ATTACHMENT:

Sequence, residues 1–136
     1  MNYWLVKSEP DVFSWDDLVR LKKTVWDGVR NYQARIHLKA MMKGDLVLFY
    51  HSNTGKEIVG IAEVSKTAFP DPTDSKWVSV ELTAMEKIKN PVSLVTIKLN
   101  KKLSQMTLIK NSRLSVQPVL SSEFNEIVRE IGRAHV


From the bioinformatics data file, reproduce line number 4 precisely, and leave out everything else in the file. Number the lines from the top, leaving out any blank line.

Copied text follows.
   101  KKLSQMTLIK NSRLSVQPVL SSEFNEIVRE IGRAHV